The #RLTM Scoreboard: Social Networking Stats for the Week
|Facebook:||955 million monthly active users||via Facebook|
|Twitter:||over 500 (140 active monthly) million users||via Twopcharts / WebProNews|
|Qzone:||599 million monthly active users||via ResonanceChina|
|Google+:||100,000,000 monthly active users||via Google|
|Sina Weibo:||over 368 (36.5 active daily) million users||via China Daily|
|Renren:||140 million active monthly users||via TechInAsia|
|LinkedIn:||175 million members||via LinkedIn|
|Tumblr:||73 million blogs||via Tumblr|
|Instagram:||100 million users||via TechCrunch|
|Tagged:||330 million members, 20 million monthly users||via Tagged|
|Foursquare:||over 20 million users||via Foursquare|
|Pinterest:||20 million users||via Forbes|
|Posterous:||15 million monthly users||via Posterous|
Please email email@example.com if you have additional updates, or a social network that you feel should be on the list.
400 Million Users Have Upgraded to Google Plus — 100 Million Are Active Monthly Users
This week, Google Senior Vice President, Engineering Vic Gundotra announced that 400 million Google users have now upgraded to Google+. Of those, 100 million are “monthly active users” on Google+. In other words, one-fourth of all users who make the upgrade become regular users of the service.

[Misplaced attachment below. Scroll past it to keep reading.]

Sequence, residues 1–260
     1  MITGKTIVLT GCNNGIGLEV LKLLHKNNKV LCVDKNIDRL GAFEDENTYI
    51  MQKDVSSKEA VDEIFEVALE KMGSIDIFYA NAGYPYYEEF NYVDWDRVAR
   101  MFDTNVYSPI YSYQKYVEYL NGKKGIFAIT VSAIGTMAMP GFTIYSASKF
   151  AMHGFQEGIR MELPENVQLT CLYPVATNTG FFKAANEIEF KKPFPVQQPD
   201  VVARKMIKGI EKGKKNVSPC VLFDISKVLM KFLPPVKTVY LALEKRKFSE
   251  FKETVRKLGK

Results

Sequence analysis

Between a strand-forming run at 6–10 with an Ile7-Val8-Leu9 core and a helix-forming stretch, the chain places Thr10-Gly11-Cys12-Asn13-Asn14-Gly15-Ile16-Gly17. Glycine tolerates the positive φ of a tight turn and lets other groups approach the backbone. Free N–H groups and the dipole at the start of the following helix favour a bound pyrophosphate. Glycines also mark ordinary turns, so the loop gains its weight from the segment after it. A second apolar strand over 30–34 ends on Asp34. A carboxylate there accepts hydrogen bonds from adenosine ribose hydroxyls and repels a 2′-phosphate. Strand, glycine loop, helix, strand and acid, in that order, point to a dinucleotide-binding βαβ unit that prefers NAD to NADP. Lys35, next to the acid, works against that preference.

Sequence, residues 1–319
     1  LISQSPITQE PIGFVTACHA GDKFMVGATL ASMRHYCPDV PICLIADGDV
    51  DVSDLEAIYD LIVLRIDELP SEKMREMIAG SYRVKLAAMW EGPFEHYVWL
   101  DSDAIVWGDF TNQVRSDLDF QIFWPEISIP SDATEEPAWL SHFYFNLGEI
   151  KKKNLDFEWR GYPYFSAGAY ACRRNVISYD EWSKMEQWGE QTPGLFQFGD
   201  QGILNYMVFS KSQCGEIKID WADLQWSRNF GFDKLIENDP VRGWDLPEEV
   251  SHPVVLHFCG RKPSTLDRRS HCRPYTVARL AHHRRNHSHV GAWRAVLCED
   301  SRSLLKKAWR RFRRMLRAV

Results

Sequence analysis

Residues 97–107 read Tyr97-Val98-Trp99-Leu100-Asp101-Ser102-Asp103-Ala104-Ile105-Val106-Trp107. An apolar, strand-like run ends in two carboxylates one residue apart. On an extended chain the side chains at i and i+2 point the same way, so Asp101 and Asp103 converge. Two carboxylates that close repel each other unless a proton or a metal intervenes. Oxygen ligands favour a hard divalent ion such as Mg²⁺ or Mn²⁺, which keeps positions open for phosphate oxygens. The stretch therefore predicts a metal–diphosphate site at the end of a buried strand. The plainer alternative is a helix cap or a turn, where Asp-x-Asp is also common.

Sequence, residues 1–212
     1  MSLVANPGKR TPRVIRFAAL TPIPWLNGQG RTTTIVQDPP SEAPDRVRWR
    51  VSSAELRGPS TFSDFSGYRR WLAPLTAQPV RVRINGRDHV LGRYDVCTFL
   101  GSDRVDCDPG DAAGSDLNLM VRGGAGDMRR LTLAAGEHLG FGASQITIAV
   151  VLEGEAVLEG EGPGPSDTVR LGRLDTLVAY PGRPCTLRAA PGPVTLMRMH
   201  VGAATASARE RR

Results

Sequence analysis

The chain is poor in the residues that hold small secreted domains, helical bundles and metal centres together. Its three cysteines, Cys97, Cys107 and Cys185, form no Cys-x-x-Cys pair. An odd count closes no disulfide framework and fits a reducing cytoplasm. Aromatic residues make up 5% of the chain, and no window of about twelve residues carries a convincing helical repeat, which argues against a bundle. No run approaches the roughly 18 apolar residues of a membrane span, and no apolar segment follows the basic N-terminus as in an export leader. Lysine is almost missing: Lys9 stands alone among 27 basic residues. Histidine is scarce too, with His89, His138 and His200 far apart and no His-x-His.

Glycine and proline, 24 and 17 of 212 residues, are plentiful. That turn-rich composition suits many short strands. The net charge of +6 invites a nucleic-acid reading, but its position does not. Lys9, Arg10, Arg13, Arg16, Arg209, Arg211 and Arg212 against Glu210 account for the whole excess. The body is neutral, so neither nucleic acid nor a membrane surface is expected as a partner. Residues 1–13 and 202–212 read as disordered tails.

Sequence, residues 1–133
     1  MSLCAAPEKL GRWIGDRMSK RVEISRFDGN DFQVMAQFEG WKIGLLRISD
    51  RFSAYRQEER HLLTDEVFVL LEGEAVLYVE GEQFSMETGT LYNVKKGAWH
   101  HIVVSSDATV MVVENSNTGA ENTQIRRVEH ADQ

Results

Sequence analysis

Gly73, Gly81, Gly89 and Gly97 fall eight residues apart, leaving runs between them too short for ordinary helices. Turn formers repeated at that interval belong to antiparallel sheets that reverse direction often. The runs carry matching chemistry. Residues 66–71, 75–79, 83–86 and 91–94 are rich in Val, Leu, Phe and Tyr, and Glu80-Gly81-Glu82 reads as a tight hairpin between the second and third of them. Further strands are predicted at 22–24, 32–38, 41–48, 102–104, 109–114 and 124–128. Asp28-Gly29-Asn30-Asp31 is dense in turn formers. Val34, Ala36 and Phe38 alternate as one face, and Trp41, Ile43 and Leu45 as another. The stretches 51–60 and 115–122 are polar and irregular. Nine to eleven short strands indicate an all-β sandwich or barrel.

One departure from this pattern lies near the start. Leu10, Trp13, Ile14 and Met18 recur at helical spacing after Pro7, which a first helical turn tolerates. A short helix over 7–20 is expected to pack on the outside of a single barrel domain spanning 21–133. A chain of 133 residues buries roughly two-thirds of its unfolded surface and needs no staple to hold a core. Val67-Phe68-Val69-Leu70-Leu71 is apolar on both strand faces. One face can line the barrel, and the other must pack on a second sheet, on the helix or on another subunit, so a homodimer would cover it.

The numbers still pale when compared to Facebook’s 955 million active user number, but Gundotra reminds us that Google+ launched from beta just 12 months ago.
One interesting nuance is how Gundotra positions the growth. He writes:
“It was only a year ago that we opened public sign-up, and we couldn’t have imagined that so many people would join in just 12 months. While Google+ is all about creating a better experience across Google, it’s also a destination. And here too, I’m happy to report that we have just crossed 100,000,000 monthly active users on Google+ (plus.google.com and mobile app).”
In other words, even if people don’t become active users of plus.google.com, Google still sees value in getting people to upgrade to the Google+ “experience.”
As Frank Reed points out at Marketing Pilgrim, Google’s approach is more about integration across a suite of services: “Google+ is not a social network in the classic sense. It is part of an overall strategy that will ultimately impact business more than it does personal lives. But guess what? Everyone is involved in business as either a producer or a consumer.”
As Facebook begins to hint that it may be getting serious about search, do you see Google and Facebook becoming more competitive? Or will they be serving entirely different needs? Are you using both networks — and how are you using them differently?